27: The Most Perfect Album | WNYC Studios.
Werner's Nomenclature of Colours.
Local note. Admission 2018, an event next week here in Chicago, about organizing events, w/ a great line-up of speakers including some pals: Jessie Char, Hugh Forrest and Bryony Gomez-Palacio.
"I've seen the future of rock and roll and it's name is Nathan Destin." I dare you not to smile.
Seven endangered species that could (almost) fit in a single train carriage.
"It can be difficult or impossible to know how much time has passed between scenes, or even between shots. With every cut, the world is reborn and seen anew." Let the Wind Speak. Kent Jones on Terrence Malick's The Tree of Life. Amen.
Self- described "Vinyl collector who enjoys craft beer", hip_hops is a great follow. He pairs music and beer with similar themes and gives you a taste of the music. Sorry, can't taste beer through Instagram.
"Earlier this summer, Theo Jansen released an improved iteration of his strandbeests, wind-powered machines that walk along the beach." From Kottke.
Forget what "Rap Rock" eventually became, and dig deep into the pretty wonderful and largely forgotten story of the Judgment Night Soundtrack.
Trailer for the Netflix six-part series from the Coen Brothers, The Ballad of Buster Scruggs.
Gmunk presents the first drone screen performance. Woah.
The new book from FOTA and master of ridiculous books, Mike Sacks: Randy: The Full and Complete Unedited Biography and Memoir of the Amazing Life and Times of Randy S.!. Buy it for the cover alone.
Trailer for the film At Eternity's Gate.
Fifty Books and Fifty Covers. A great field, as usual.
Composer/Sound Designer Suzanne Ciani creates the audio for the 1980 "Xenon" pinball game.
Trailer for the film The Front Runner
Always nerdy fun, September Questions and Answers from the Chicago Manual of Style.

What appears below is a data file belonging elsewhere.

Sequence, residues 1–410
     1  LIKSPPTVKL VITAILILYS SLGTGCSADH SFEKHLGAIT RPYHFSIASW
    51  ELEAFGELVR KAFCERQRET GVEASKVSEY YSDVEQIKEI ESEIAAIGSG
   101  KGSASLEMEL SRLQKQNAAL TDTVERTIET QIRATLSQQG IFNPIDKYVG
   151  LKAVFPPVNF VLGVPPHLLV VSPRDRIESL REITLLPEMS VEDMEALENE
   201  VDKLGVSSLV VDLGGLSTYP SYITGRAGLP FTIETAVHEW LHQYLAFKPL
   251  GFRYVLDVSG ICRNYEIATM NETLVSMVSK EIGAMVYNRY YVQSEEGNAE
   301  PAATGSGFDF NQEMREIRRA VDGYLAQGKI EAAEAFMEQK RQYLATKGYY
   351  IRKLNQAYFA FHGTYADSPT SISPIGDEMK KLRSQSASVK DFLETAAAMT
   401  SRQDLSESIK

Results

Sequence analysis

A great new Jack White poster project from FOTA Matthew Jacobson. In promotion of White's Vegas shows, Matthew created a complete deck of cards, poster-sized, info on the front, card on the back.
The Web Design Museum exhibits over 900 carefully selected and sorted web sites that show web design trends between the years 1995 and 2005.
"The Changing Landscape of American Retail is an ongoing documentation of the shift from traditional brick-and-mortar locations where we once socialized and interacted with our community to the stark and generic structures that house shipping, fulfillment, call, and server centers, now essential for e-commerce."
"7,500 Light years away and a mind-crushing 300 light years — 3,000 trillion kilometers — across, it's the site of thousands of stars being born. The amount of gas available is something like a million times the mass of the Sun, so it has plenty of raw material to make stars for a long, long time." A massive photo of the Carina Nebula.
An '80s true-crime biology thriller ripped from the pages of Discover magazine: "When Snails Attack."
Current Instagram fave: _bands_fc.
Fun Spine Magazine behind-the-scenes feature on book designer Steve Leard and the cover for Snow on the Atlantic.
"Vermeer was eerie / Vermeer was strange / He had a more modern color range" Muses: Jonathan Richman on Vermeer, Monet, and Custom Chords for Matisse.
Exclamation Point Inflation!!!
"The man who publishes a book without an index ought to be damned 10 miles beyond hell, where the Devil himself cannot get for stinging nettles." Index: A Brief History, by John Boardley. Highly recommended.
High hopes for this, trailer for Glass
"In the 1950s Eliot Noyes was developing the design identities for IBM and Westinghouse, the first holistic approach of its kind for corporations in the United States. At the request of an English design organization, Noyes gave this speech." --Steven Heller.
Asperitas Clouds Over New Zealand.
Notorious Chicago. A collection of some popular and some unpopular stories that made up Chicago's notorious past.
Buttercream succulents decorate edible planters by Leslie Vigil.
Page Two contains the previous 40 Fresh Signals, recent features, a key to the icons and the categorical archives.
One of the most popular parts of our site is The Museum of online Museums (MoOM) which is updated quarterly. Please consider joining the MoOM Board of Directors. A subscription comes with a handsome coffee mug but none of the snootiness so often associated with the patronage of old-school cultural institutions.
Unnikrishna Menon Damodaran
Mary Beth Sancomb-Moran
Barbara Ann Kipfer
Supporting the MoOM requires a simple annual non-tax-free contribution of $75. In exchange for your generosity, you'll receive one sweet, tall coffee mug and a permanent listing and link as a member of the Board of Directors. Thank you in advance for your consideration.